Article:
Under the guidelines, the applicant will be evaluated to determine whether he or she is able to perform sedentary work, light work and medium work. If someone is determined not to be disabled, then the guidelines will determine if that person can adjust to other work, and when the applicant is considered disabled the guidelines will determine whether the applicant cannot adjust to other work. The SSA will look at unskilled occupations that an applicant can perform, as well as transferable skills that can be used in other positions.

The SSA will look at the applicant’s age, education, work experience and residual function capacity (RFC), which determines the maximum amount of work an applicant can perform with the limitations stemming from the diagnosis. The RFC is important because it will help determine whether an applicant is capable of performing past work duties.

Medical Evidence You Will Need

The Social Security Administration uses the Disability Evaluation Under Social Security Listing of Impairments, commonly known as the Blue Book, to assess whether an applicant qualifies for disability benefits. The SSA will compare your diagnosis with the Blue Book, and they will also look at all of the information you provide in your application to make their final decision.

The Blue Book is very comprehensive but every case is different, so that’s why they evaluate each claim on its own merit. That’s also why your application needs to be as thorough as possible.

To qualify for benefits with vision loss, you must submit a copy of the medical report from your doctor outlining the diagnosis. The report should include all relevant tests, such as lab work and imaging, along with the treatment plan and any medications that are part of treatment.

You should also include any side effects you’re experiencing, as sometimes side effects can be as debilitating as an illness. With vision loss, you might use eye drops that trigger a reaction to bright light, for example, and this would be an important piece of information to include.

You will also be asked to sign a consent form to release your medical information to the SSA, and providing a list of providers and their contact information will help to expedite the process. Though the SSA will be able to contact your medical care providers, keep in mind that in most cases they will not request imaging results or lab test results, especially if a fee is involved, so it is in your best interest to provide as much documentation as possible.

Remember, the more information you provide, the more accurate the final decision on your claim will be.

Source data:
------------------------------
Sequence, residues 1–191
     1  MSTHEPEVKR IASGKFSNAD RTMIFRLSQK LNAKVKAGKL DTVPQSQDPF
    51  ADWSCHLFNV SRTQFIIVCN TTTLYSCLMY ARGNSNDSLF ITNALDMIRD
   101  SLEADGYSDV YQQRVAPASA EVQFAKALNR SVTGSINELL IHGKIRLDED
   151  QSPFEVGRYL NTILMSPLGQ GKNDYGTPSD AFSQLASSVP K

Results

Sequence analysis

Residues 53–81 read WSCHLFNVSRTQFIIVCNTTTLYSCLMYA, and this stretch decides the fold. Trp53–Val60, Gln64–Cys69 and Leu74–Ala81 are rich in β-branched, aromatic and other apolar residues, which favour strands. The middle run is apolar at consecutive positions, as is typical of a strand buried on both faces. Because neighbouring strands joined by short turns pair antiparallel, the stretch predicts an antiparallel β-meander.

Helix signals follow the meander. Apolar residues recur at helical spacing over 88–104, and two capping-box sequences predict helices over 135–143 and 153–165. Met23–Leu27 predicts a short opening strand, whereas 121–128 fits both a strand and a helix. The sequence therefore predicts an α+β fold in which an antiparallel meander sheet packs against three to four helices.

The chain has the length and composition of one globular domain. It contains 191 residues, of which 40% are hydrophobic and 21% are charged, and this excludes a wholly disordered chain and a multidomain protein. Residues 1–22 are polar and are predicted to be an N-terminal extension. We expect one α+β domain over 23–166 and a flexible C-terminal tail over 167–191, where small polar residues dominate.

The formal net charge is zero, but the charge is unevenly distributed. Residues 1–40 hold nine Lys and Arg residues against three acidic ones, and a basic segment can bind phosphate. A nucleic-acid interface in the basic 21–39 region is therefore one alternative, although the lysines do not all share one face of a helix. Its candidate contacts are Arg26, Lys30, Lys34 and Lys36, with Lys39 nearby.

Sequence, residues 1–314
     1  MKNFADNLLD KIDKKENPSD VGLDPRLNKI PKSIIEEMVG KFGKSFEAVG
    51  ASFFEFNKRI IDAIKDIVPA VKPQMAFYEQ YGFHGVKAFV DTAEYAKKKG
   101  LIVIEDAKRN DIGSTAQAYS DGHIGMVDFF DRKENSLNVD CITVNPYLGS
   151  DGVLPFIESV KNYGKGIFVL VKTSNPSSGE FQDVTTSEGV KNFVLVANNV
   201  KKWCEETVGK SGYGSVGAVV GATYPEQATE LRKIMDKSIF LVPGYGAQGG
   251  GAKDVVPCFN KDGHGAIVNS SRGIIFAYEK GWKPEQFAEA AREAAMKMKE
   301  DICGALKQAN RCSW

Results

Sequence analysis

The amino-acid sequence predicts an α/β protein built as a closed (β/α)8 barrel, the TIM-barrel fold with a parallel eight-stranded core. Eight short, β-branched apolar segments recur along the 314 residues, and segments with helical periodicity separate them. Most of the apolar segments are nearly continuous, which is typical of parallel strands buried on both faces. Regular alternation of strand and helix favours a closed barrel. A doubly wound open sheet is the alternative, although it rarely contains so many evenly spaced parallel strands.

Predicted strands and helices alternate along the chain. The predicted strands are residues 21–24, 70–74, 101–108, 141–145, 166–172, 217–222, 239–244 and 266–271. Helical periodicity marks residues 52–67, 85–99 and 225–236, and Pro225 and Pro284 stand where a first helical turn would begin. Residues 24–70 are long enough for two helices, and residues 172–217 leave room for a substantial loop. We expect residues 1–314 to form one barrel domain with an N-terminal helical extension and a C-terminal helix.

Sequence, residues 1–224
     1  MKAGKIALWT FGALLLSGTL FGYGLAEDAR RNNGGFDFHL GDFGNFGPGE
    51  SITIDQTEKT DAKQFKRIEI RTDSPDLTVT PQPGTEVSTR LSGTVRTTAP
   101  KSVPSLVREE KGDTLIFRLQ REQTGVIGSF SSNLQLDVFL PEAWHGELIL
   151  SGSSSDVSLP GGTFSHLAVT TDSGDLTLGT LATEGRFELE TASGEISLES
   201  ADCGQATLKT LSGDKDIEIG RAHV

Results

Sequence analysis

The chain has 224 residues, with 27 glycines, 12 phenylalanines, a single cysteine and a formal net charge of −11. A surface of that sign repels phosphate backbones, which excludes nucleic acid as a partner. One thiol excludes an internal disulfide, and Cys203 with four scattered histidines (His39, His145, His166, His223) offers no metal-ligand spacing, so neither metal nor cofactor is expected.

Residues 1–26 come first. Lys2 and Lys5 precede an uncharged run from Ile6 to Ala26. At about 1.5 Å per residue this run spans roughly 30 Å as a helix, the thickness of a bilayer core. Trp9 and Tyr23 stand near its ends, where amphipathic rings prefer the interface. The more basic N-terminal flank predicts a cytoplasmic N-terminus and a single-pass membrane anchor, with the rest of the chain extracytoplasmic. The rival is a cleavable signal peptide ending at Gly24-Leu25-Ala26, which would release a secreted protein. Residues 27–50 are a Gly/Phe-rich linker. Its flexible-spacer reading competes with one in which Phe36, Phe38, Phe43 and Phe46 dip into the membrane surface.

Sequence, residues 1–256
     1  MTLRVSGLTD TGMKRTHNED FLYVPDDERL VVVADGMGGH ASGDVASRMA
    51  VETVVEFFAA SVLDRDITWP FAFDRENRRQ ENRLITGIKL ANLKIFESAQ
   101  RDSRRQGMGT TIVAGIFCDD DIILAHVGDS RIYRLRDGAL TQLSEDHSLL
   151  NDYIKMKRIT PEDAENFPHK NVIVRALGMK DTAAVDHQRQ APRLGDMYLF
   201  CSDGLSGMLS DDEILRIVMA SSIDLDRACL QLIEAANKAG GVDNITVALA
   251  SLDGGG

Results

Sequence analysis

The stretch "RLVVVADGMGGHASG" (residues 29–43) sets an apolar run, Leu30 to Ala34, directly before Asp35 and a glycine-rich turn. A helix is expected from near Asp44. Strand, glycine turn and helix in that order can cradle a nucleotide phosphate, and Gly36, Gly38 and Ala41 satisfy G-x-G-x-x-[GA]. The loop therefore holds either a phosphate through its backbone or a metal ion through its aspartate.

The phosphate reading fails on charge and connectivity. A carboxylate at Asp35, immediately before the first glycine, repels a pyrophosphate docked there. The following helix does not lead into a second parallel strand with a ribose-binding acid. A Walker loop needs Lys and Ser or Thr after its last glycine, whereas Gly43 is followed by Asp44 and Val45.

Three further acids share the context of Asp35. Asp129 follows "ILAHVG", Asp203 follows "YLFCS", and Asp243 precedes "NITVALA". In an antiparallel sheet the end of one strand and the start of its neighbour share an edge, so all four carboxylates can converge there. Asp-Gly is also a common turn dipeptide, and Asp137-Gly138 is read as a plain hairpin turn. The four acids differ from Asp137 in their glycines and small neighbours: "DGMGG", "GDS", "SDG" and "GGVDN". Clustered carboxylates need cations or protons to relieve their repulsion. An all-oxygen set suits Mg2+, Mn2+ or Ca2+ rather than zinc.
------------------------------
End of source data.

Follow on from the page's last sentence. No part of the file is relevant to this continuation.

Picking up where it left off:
How To Apply

There are three different ways to apply for Social Security disability benefits. The most expedient method of applying is to go online to the Social Security Administration website, create an account, and complete the application online.

You can also complete a paper application. You can print one from the SSA website or you can pick one up at your local SSA office, and once the application is complete you can either mail it in or take it to the SSA office to submit it in person. If you complete a paper application, make sure you make a copy of the document prior to submitting it so you have a record of it in case it gets lost in the mail.

One benefit to applying online is that your claim is considered active upon starting the application, rather than when the application is actually submitted. That means that any back pay you are owed will be based on the start date, which is very helpful. When filing by mail or in person, you can also submit a protective filing to establish your intent to file, and that will serve as your start date while you fill out the application.

Applying for Social Security disability benefits is a process that involves several steps and a great deal of documentation to support your claim. While the Social Security Administration is available for any questions you might have, they will not help you complete your application and so if you need help you might need to rely on family and friends, or an advocate who can act on your behalf.

Working With A Disability Lawyer

Some people choose to engage a Social Security disability attorney who can not only act as an advocate, but he or she is able to help gather your paperwork to ensure that your application is as complete as possible when you submit it. Social Security disability lawyers understand all of the many nuances of disability benefits and the application process, and though there is no guarantee that securing an attorney will guarantee that you will win your case, it certainly helps to increase the chances.

Working with an attorney is helpful because they have seen many cases and they know what kinds of applications have better chances of being approved than others, along with an understanding of the kinds of medical documentation you should present in your application in order to boost your chances of approval.

It’s important to note that many disability attorneys will work on a contingency fee basis, meaning that they will not require payment unless you win your case. Others work on an hourly or flat fee structure, so be sure that you know what kind of fee structure your attorney uses. Complete the Free Case Evaluation today to get in touch with a lawyer that takes cases in your area.